Wednesday, 18 October 2017

Back Reviews Reel: October 2014

My reviews of three years ago took me to very different destinations in time and space. I started my five-week tour of Asia and Europe in modern-day Japan with the novel of a young Austro-Japanese, namely I Called Him Necktie by Milena Michiko Flašar. On my return to Europe, I joined the narrator of One, No One, and One Hundred Thousand by Luigi Pirandello, the laureate of the Nobel Prize in Literature 1934, in his confusing exploration of basic questions of philosophy. Then I moved on to rural France in the late nineteenth century with classical and almost forgotten Marie Claire by Marguerite Audoux, before following The Beautiful Mrs. Seidenman by Andrzej Szczypiorski who (fruitlessly) plays at cat and mouse with the Nazi rascals occupying Warsaw in spring 1943. And at last, I returned to Asia, but this time to the beautiful island of Java where The Tea Lords by Hella S. Haasse strive to make their fortune.

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https://www.goodreads.com/book/show/20702599-i-called-him-necktie
The narrator of I Called Him Necktie by Milena Michiko Flašar is twenty-year-old Taguchi Hiro and he is one of thousands of "hikikomori" living in Japan. For two years he lived in self-chosen isolation at his parents’ house avoiding all social contact, but on a morning in February his desire to go out becomes stronger than his need for solitude. The sickening experience leads him to a quiet bench in the park from where he can observe vibrant life without being bothered to take part in it. He takes to sitting on the same bench every day and then the unexpected happens: a salary man in his mid-fifties with a red striped necktie settles down on the bench opposite. He too comes every day now, but neither of them is ready to talk… not yet.
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https://www.goodreads.com/book/show/12117.One_None_and_One_Hundred_Thousand
Vitangelo Moscarda, called Gengè, is in his late twenties, sure of himself, happily married and financially independent, when a jokey remark of his wife suddenly plunges him into self-doubt. He sets out on a philosophical search for identity in which the Nobel-prize-honoured writer Luigi Pirandello makes him gradually realise that the one and only self doesn’t exist and that he really is One, No One, and One Hundred Thousand. Gengè becomes obsessed with the question that preoccupies virtually everybody at one time or another in life: who am I? And he tries to prove his conclusions behaving differently from usual. Before long family and friends, even inhabitants of the little Italian town with whom he isn’t personally acquainted, begin to wonder if he has gone crazy. Still he continues his experiment even when his wife leaves him.
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https://www.goodreads.com/book/show/14291632-marie-claire
The best-selling and award-winning memoir of 1910 titled Marie Claire evokes the childhood and adolescence of late-blooming writer Marguerite Audoux herself. In fictionalised form she recounts her years in a Roman Catholic orphanage that followed the death of her mother when she was five years old. The nuns don’t understand her sensitive and timid nature that makes her choose her few friends carefully, and in 1876, a vengeful mother superior sends her, the allegedly arrogant girl, out into the world to become a shepardess on a remote farm, but her kind and caring masters soon realise that she isn’t cut out for such a life and make her help around the house. Also the next masters of the farm keep her as a maid. She has a quiet and peaceful life until the seventeen-year-old brother of the mistress arrives…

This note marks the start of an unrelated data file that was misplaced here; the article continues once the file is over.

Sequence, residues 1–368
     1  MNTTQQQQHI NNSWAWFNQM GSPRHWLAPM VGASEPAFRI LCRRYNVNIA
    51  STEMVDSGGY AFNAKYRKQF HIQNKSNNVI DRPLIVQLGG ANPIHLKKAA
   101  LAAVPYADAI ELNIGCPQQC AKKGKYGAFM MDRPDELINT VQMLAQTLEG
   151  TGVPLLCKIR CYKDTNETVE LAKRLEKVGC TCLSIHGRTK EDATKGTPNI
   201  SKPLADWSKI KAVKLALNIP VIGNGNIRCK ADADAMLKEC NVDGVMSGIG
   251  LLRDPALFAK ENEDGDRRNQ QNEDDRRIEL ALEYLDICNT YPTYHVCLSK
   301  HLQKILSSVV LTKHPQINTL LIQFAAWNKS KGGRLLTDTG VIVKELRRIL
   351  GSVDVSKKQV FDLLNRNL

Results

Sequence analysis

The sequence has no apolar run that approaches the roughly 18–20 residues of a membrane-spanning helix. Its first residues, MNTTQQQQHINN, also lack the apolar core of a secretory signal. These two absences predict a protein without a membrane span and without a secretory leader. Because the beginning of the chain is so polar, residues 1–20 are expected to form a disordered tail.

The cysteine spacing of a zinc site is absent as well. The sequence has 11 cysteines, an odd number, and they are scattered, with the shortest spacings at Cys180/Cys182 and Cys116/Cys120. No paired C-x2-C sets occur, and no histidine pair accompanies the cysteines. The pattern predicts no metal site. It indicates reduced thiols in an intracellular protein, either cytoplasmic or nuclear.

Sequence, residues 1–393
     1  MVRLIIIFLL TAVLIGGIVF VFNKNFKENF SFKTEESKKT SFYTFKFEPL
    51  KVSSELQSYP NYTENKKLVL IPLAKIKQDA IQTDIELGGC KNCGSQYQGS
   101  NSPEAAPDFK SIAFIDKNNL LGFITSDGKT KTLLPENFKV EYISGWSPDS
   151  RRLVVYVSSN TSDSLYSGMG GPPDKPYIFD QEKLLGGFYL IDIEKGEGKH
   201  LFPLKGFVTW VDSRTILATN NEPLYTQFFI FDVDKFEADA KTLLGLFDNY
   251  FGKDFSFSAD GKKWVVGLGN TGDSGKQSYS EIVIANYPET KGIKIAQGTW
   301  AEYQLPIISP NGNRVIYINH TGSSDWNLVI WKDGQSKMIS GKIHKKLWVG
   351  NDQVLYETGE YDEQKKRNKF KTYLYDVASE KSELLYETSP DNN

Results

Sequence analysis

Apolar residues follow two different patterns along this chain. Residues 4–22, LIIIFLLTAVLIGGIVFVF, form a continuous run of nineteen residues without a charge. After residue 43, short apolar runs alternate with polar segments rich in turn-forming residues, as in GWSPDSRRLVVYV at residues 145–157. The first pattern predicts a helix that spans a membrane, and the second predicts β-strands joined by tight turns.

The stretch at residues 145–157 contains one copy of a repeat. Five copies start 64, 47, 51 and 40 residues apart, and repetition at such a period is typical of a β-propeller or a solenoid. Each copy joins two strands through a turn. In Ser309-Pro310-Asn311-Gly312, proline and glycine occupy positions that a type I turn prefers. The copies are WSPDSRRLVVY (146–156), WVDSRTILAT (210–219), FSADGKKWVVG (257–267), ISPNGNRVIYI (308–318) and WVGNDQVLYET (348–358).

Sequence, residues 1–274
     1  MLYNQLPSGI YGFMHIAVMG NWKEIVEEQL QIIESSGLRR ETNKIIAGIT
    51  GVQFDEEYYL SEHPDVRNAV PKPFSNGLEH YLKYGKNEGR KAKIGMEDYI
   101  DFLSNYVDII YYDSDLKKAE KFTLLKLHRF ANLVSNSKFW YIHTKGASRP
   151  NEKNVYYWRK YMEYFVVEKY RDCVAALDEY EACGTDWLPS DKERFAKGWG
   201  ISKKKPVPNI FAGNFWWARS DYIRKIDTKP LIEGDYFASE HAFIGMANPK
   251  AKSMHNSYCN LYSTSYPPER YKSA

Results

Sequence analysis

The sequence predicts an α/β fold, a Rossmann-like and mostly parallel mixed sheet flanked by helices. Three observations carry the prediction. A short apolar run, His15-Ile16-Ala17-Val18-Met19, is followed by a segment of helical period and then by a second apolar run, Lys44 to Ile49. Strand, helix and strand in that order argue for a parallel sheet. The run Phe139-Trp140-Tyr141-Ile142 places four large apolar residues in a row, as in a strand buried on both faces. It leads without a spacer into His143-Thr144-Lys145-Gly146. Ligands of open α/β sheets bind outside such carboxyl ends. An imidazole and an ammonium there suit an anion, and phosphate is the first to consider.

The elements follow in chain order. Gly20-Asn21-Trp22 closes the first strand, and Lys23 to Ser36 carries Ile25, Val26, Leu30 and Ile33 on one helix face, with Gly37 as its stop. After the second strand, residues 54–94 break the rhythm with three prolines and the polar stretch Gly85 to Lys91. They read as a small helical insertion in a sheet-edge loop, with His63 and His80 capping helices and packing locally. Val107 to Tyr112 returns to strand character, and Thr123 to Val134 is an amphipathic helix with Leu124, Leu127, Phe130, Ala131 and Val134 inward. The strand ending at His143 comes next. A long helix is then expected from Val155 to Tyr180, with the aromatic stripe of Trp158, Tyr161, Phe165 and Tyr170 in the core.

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https://www.goodreads.com/book/show/170821.The_Beautiful_Mrs_Seidenman
Ever since German troops invaded Poland in September 1939 The Beautiful Mrs. Seidenman from Andrzej Szczypiorski’s novel has been living in Warsaw under false name. She is lucky because her fair looks don’t betray her Jewish descent and her forged papers are excellent, but there’s always a risk that she runs into an old acquaintance and in fact, this is what happens in spring 1943. Even worse, the man from her past is a Jewish informer of the Nazi regime and insists on taking her to the Gestapo Headquarters. It’s her scholarly neighbour of all people who instigates her rescue. Many in Warsaw are ready to help and risk their lives in the Resistance, there are others, though, who prefer to collaborate with the German occupants to save their skin or to take advantage of the situation.
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https://www.goodreads.com/book/show/10383322-the-tea-lords
Rudolf Eduard Kerkhoven and his family are The Tea Lords whose colonialist endeavours in Dutch East India during the late nineteenth and early twentieth centuries renowned Dutch author Hella S. Haasse depicts in her documentary-historical novel. After his studies of Civil Engineering in the Netherlands he joins his parents on the island of Java to help them on their plantation, but he soon realises that his family neither needs nor wants him there. So he decides to get his own stretch of land and to show them all what he can achieve. It takes him many years of hard work, even sacrifice, to turn a run-down coffee plantation at the back of beyond into a thriving tea and quinine plantation, and yet, his family doesn’t treat him any better than when he first came to Java.
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